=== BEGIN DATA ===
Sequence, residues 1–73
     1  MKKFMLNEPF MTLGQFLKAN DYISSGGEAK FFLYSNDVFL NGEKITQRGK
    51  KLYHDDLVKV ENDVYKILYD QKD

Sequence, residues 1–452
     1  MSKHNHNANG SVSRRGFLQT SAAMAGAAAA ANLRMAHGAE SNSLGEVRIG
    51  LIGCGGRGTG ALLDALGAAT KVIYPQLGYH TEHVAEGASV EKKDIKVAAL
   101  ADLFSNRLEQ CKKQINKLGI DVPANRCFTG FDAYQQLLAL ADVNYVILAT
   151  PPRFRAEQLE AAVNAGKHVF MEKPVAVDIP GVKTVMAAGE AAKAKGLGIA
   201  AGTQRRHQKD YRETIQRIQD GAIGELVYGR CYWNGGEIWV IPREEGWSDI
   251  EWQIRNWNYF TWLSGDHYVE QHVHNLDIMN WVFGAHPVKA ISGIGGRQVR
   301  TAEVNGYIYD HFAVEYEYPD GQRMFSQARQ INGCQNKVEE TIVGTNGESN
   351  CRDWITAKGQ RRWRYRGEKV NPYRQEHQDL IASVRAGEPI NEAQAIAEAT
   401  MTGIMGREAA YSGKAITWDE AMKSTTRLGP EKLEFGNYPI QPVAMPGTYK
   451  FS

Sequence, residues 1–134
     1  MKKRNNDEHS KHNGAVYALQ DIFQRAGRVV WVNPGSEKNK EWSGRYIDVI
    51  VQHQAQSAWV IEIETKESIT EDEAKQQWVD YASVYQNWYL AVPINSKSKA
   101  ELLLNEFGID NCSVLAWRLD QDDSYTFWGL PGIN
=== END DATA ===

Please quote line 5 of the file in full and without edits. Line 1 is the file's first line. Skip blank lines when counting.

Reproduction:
     1  MSKHNHNANG SVSRRGFLQT SAAMAGAAAA ANLRMAHGAE SNSLGEVRIG